Audio Landscape: Creaking timbers, lapping sea, a goat screaming, lush, vegetative wilderness, a fly buzzing, cracking wood.

Isn’t it Odd: I wish somebody had reined Cameron Stewart a little bit when it came to his turn as the Bovine leader. It is precisely the sort of performance that non-fans would expect of guest actors when apprehensively approaching a Doctor Who story, overly arch and insanely over the top. Had these lines been played a lot quieter they would have had much more effect.  I bet Cameron had to gargle some salt after this days recording.

Standout Scene: ‘Peri! You have to understand! I thought I had lost you! I had to find a new companion from somewhere and Neddy seemed to fit the bill. Noisy, angry, eats anything, always butting heads…’

Result: The last time Nev Fountain and John Ainsworth colluded on a Doctor Who audio the resulting product was Peri & the Piscon Paradox, which is easily one of the most piquant entries of the companion chronicles range. Can they reach such heights again? Yes, and no. Fountain is far too intelligent a writer to simply try and recreate something that was previously well-liked and this is as much a different beast to his preceding story as his double length companion chronicle was to The Kingmaker. Trouble in Paradise is a game of two halves but they are both very good in their own right. The first half is a scathing examination of the much-criticised relationship between the sixth Doctor and Peri, using Columbus as a catalyst to set them at each others throats over the morality of travelling through time. It is pretty much plotless, focussing squarely on the characters but since the material is so well pitched and delivered with such passion by Nicola Bryant it doesn’t matter one jot. Fountain makes brilliant observations about things that we have come to take for granted about the show (Doctors crossing paths/interfering with history/deciding who is worth saving) and comments wittily on the most caustic of Doctor/companion relationships. Once they have been separated, the plot kicks into high gear and things aren’t quite as potent for a while, primarily down to an unsubtle performance by Cameron Stewart who jettisons any chance of menace from the Bovine intelligence that has been carefully crafted by the writer. Whilst a little heavy on exposition, the way the story ties itself up without the Doctor having to do a thing but figure out the temporal lunacy and comment sarcastically on events is rather beautiful. I can’t complain too much with about a story that bursts with this much wit and imagination and one that offers such a piercing portrayal of Christopher Columbus. The moment when he steps into the TARDIS is one for posterity. And Neddy should have left with the Doctor and Peri during the upbeat and very satisfying climax: 8/10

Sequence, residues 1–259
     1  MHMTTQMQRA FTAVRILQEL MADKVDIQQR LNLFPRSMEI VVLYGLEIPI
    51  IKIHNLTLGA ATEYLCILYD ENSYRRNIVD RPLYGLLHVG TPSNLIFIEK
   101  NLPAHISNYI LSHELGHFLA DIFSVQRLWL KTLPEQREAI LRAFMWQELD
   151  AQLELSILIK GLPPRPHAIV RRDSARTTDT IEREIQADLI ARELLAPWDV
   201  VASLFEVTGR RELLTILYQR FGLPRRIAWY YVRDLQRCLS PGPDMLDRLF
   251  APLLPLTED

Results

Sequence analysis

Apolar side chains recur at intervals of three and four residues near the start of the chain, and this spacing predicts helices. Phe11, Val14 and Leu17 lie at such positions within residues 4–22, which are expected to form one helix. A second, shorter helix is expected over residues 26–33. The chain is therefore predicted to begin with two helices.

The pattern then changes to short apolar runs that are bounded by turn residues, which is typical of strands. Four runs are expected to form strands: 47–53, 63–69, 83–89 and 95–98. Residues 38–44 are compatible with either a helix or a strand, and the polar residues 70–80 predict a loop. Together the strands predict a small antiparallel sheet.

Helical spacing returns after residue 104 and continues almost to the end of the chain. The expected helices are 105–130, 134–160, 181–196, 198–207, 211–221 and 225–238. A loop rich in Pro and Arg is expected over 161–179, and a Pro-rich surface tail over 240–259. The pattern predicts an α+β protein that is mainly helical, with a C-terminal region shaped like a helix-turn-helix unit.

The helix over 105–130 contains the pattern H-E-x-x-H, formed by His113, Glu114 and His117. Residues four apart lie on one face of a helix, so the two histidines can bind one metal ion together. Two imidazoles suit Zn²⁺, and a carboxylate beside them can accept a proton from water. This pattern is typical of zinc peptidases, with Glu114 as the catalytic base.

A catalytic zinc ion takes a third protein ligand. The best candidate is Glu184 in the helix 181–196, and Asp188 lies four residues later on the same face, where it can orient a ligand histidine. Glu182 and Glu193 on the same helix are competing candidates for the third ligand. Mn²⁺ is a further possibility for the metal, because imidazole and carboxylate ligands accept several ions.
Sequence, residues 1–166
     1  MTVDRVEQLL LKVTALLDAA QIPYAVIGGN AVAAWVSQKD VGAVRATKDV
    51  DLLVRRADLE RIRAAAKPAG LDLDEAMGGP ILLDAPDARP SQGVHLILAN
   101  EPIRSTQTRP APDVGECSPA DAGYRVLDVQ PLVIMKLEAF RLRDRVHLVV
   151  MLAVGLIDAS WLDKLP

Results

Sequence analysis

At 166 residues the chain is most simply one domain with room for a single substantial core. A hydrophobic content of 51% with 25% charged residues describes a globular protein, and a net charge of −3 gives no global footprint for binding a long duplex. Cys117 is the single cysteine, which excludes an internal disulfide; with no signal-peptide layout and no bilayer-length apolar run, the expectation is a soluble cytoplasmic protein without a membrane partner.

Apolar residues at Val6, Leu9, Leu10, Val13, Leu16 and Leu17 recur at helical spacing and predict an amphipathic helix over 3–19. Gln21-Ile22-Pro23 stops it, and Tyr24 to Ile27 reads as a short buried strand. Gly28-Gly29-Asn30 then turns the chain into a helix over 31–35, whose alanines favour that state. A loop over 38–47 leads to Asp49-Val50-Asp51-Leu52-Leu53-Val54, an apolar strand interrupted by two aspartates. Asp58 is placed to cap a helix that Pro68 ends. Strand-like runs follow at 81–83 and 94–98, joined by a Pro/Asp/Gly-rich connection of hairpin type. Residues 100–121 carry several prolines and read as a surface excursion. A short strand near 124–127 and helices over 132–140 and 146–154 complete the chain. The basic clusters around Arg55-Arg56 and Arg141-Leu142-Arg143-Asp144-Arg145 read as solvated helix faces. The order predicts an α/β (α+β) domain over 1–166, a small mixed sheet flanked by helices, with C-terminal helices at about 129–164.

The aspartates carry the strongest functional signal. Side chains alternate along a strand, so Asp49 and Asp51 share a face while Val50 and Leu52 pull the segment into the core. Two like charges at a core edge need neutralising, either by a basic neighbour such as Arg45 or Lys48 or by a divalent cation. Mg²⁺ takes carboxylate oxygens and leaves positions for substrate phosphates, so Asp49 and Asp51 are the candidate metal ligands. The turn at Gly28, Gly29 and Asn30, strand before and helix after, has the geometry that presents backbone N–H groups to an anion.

Zelna Smith said...
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Steve said...

Peri met Richard III in the Big Finish story The Kingmaker, actually!

Ian Tracy said...
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Ian Tracy said...

I loved this. My favourite DofD release so far, and you're right Nicola Bryant excels and realy helps the action move with her enthusiastic performance. I listened to this on a short haul flight, and it really relieved the boredom :)